Every airport building, large and small is represented, down to and including a couple of maintenance sheds near the base of the beacon tower. Among the more recognizable items are the Sheriff’s Department Aviation Unit hangar and their adjacent Airport Operations Center building, Landmark Aviation’s FBO admin building and attached hangar and the small but unique KOCF terminal building, including their sign out front on 60th Avenue. In all there are over 30 buildings on the airport and all are modeled in both versions.


There’s a jellybean hidden in Dree’s scenery too – not enough to qualify as an Easter Egg, but a nice hidden touch that includes some of the original annotated ground level photos we sent to him. See if you can find it when you’re here next time.

There are ample parking spaces defined in the scenery layout, including a few in front of some of the open T-Hangar stalls. Several of the larger hangar doors are open and you can taxi inside and park there if your AC is not too large. There is very attractive night lighting with supporting textures too. He’s included plenty of ground vehicles and a few static AC sprinkled around.



Presently KOCF is an uncontrolled field, however, in August of 2009 a control tower will go into operation. Groundbreaking is scheduled within a week of this writing. Dree has a tower radio frequency built in, so FS ATC will treat it as a controlled field now – he will be providing a means for adding the physical building to both versions once photos are available and the exact location is nailed down. There are other goodies forthcoming for both versions. For instance, he did an accurate repaint of the Sherriff Department’s helicopter and I saw it as a static object in one of the earlier versions. Unfortunately he found out at the last minute he could not legally distribute the base-model he used. He’ll add a replacement for that and some other static items later. He plans to post bgl files for the updates, with a description of where to install them in a zip file on his website.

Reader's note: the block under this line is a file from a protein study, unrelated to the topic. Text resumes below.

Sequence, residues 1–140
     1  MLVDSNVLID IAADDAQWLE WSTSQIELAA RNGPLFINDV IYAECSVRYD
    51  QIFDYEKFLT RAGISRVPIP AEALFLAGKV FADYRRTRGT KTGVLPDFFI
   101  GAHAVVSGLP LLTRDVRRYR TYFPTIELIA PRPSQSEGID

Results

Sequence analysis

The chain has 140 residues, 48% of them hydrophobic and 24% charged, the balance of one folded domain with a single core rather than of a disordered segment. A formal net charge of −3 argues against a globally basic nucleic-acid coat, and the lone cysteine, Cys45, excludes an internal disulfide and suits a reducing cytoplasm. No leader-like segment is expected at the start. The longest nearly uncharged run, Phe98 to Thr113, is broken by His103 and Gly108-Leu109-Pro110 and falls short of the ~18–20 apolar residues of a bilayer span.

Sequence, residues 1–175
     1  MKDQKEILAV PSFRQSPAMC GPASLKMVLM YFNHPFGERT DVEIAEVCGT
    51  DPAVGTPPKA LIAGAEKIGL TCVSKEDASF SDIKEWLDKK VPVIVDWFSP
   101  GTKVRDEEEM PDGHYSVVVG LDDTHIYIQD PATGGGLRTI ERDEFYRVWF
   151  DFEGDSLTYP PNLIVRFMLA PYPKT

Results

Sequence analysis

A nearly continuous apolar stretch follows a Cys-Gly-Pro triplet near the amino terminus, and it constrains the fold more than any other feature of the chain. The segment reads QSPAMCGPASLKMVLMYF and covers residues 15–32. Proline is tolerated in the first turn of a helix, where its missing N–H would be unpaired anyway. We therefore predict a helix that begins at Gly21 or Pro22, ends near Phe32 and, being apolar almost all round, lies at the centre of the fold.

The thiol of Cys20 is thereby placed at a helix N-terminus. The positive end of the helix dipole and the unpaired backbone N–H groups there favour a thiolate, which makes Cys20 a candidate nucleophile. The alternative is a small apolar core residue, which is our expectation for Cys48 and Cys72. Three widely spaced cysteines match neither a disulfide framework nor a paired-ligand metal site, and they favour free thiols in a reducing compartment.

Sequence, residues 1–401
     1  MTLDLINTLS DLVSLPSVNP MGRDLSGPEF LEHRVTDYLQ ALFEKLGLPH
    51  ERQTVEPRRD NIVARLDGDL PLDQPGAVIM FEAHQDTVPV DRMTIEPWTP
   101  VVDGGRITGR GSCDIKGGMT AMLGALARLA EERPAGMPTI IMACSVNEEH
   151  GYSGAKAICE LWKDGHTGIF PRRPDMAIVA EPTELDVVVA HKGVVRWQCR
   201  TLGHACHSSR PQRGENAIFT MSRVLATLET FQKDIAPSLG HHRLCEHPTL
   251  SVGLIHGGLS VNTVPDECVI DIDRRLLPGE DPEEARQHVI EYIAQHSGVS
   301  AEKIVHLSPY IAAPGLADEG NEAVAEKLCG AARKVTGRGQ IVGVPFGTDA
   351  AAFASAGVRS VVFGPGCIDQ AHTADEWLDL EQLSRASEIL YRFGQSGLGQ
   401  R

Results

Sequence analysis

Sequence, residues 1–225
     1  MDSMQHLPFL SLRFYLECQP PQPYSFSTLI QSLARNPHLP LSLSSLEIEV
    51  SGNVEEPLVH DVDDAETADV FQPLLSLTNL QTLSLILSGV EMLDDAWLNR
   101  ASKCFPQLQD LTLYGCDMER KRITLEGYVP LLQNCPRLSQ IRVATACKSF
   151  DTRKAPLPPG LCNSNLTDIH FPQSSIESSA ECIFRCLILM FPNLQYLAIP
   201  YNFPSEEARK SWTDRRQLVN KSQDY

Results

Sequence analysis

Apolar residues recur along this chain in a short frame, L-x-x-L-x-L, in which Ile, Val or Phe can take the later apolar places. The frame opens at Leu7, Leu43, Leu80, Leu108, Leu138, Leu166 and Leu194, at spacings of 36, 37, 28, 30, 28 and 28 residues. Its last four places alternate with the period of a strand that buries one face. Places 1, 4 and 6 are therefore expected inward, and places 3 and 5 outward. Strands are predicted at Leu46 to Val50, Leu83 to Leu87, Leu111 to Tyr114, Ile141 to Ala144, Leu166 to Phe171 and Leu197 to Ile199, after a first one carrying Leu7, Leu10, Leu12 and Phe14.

[LATE NOTE: Just before publication of this review additional static AC for FS9 have been placed on Dree’s site – see link below.]

I must mention the installer here, one of the best I’ve seen. It is painless and brainless for the user. Unzip the download file. You’ll see an EXE. Run it. Enter the unlock code when prompted. Go fly. That’s all there is to it. You’ll see FS rebuild the scenery indexes on startup, but other than that, it’s completely transparent in both versions of the sim.

The scenery is available in both download and disk versions. The Sim Market price is 14.50 Euros, before the hated VAT, which adds another 2.75 Euros if you happen to be within the European Community. You can see the Sim Market page

There are a few more photos at Dree’s site, HERE

There’s another page at Dree’s site detailing his current project, SMJP - Zanderij, Surinam - Johan Adolf Pengel International. He’s well along with that and it should be available at Sim Market soon.

If you enjoy the sunny part of the world, consider adding Dree’s Ocala scenery to your sim. I can attest to its RW fidelity and that it makes a great AirHauler base. It is a good jumping off place for flights up the US eastern seaboard, north-west into the heartland, across the Gulf of Mexico to points west or to most anywhere in the Caribbean basin. Be sure to sample the burgers at the Tail Winds Café while you’re here and say hello to the nice folks at Landmark Aviation, where the Ocala Flight Sim Club holds its meetings. See you there…

John Allard

Landmark Aviation

Click on picture to go to Dree's KOCF page or Simmarket
Click here to go to Dree's KOCF page Click here to go to Dree's Simmarket page